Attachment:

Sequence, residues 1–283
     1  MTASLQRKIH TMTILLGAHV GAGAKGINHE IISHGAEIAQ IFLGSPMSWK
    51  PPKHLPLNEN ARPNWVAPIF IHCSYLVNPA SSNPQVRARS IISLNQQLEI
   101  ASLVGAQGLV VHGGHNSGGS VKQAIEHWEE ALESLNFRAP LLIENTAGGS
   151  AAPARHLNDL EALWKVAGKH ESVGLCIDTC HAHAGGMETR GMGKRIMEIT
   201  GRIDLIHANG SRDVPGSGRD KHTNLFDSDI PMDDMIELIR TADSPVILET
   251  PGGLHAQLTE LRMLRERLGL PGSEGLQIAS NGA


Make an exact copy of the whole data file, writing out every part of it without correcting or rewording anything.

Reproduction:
Sequence, residues 1–283
     1  MTASLQRKIH TMTILLGAHV GAGAKGINHE IISHGAEIAQ IFLGSPMSWK
    51  PPKHLPLNEN ARPNWVAPIF IHCSYLVNPA SSNPQVRARS IISLNQQLEI
   101  ASLVGAQGLV VHGGHNSGGS VKQAIEHWEE ALESLNFRAP LLIENTAGGS
   151  AAPARHLNDL EALWKVAGKH ESVGLCIDTC HAHAGGMETR GMGKRIMEIT
   201  GRIDLIHANG SRDVPGSGRD KHTNLFDSDI PMDDMIELIR TADSPVILET
   251  PGGLHAQLTE LRMLRERLGL PGSEGLQIAS NGA